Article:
Thursday, 29 May 2014

Effective Management – Responsibility for Discipline

Effective management views discipline as a process by which it can help staff to learn acceptable work standards and behaviour, including the organization’s rules and policies. Discipline in the workplace should not be viewed as a means of punishment.


            To ensure that everybody understand the rules and standards within the workplace, the organization should provide clear guidelines. It should:
  • Establish written rules, standards and policies within a handbook or procedures manual
  • Make this information readily available to all staff

Supervisory staffs within the organization have a responsibility to:
  • Keep informed about rules, standards and policies
  • Ensure all staff members have a copy of or access to a handbook or procedures manual
  • Communicate standards of conduct and work performance to staff
  • Be prepared to answer question in this regard
  • Use effective standardized disciplinary techniques such as:
    • Discussions-determining possible causes of problems
    • Offering appropriate assistance
    • Providing corrective feedback to remedy the situation
    • Giving warnings
            Supervisory staff should always keep a record of steps taken in a disciplinary matter. If they feel further action is needed, they should refer the matter to the appropriate authority within management.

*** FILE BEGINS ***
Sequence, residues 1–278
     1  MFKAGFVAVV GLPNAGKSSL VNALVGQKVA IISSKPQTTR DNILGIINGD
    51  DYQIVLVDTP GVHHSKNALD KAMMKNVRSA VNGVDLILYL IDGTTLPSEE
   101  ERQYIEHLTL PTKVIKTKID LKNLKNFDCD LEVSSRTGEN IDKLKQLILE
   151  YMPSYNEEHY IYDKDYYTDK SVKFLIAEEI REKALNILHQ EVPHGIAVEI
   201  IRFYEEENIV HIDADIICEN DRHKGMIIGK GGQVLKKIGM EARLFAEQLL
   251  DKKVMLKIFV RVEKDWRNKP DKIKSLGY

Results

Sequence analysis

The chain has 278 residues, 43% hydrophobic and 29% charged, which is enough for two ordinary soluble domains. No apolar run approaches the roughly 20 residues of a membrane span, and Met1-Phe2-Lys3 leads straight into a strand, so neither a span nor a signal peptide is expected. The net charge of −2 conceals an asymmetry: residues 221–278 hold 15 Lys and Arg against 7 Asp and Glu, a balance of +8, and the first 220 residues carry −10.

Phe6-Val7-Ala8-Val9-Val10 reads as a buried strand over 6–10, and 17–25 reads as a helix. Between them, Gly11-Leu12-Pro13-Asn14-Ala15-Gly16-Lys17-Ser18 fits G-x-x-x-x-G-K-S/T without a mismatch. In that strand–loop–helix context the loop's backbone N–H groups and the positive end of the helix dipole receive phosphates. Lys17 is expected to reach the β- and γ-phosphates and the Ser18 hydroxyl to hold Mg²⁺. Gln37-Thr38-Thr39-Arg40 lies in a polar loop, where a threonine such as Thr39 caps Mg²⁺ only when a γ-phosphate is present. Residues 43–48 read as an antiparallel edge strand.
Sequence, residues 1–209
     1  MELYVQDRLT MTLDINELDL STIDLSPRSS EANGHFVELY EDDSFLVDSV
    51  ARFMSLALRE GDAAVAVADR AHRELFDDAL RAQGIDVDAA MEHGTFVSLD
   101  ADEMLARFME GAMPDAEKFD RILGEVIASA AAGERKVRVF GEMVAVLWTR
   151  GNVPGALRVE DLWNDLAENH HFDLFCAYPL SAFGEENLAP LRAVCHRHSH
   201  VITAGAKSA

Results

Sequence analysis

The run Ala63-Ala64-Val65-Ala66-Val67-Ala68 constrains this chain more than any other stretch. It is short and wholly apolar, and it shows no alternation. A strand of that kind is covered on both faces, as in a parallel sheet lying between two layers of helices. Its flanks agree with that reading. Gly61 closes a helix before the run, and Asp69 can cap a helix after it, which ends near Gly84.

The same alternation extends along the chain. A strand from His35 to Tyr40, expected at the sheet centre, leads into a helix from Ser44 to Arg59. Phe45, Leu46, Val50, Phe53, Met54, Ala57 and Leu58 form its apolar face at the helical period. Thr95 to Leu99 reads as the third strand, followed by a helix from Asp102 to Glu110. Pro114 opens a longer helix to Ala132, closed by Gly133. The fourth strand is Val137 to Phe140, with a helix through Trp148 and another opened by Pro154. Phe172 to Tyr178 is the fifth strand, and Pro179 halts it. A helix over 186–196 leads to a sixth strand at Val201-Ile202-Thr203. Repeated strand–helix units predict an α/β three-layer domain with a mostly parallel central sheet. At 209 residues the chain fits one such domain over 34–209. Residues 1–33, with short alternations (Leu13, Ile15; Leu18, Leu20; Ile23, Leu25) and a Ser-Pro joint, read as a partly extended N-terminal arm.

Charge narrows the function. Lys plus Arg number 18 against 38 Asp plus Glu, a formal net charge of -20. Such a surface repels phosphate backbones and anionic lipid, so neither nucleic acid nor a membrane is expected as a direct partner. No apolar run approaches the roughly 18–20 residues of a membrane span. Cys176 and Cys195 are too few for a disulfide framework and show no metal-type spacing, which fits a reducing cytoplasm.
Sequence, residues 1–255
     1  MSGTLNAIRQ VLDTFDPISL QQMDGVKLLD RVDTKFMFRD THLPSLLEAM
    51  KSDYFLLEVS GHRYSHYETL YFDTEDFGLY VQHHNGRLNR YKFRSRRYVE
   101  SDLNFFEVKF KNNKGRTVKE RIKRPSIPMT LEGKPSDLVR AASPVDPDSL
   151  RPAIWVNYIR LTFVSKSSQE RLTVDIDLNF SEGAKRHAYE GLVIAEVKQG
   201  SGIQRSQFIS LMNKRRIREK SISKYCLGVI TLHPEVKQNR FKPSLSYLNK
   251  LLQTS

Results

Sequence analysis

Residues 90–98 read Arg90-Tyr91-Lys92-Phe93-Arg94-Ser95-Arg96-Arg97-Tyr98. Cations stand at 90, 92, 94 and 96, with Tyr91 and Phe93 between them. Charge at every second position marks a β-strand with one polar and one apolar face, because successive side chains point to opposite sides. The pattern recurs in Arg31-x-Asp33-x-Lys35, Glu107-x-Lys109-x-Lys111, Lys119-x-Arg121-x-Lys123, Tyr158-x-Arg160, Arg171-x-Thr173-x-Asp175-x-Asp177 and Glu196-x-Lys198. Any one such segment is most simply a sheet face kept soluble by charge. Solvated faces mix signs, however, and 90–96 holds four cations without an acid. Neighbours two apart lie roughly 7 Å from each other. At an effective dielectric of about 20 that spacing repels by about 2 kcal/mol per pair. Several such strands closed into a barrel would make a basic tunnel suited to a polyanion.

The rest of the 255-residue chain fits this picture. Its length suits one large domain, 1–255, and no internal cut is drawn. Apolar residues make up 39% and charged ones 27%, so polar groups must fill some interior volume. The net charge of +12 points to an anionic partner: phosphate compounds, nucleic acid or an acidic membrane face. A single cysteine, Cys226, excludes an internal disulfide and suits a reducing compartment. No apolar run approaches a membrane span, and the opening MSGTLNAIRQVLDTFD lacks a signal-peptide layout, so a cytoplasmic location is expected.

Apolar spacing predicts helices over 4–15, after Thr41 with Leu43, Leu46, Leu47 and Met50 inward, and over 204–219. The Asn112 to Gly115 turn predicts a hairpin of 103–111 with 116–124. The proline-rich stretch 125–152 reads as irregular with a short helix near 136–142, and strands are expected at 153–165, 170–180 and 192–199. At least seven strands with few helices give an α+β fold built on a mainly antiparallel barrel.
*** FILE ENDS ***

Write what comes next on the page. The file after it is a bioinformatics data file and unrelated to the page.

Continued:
To avoid disciplinary action, employees should:
  • Learn about the code of conduct relevant to the organization
  • Keep up-to-date with written instructional and follow directions
  • Demonstrate competent performance when undertaking responsibilities
  • Ask questions and seek additional information if required
Grounds for disciplinary action

            The two main grounds for disciplinary action against Public Service employees are misconduct and committing a criminal offence.


            This is failure on the part of an employee to fulfil his or her duties. Employees have the right to ask an employer what the expectations of them are.

Misconduct can happen as a result of:
  • Not complying with direction or the Act , or Public Service regulations
  • Not being efficient and competent
  • Being negligent or careless
  • Showing favouritism, discrimination or patronage which are all in breach of the Act
  • Improper conduct which either affects the way in which responsibilities are performed or “brings the service into disrepute”
  • Providing information at the time of appointment which was incorrect or misleading
Criminal offence

            It is criminal offence is proven and is relevant to the officer’s employment within the service, disciplinary action may be take.

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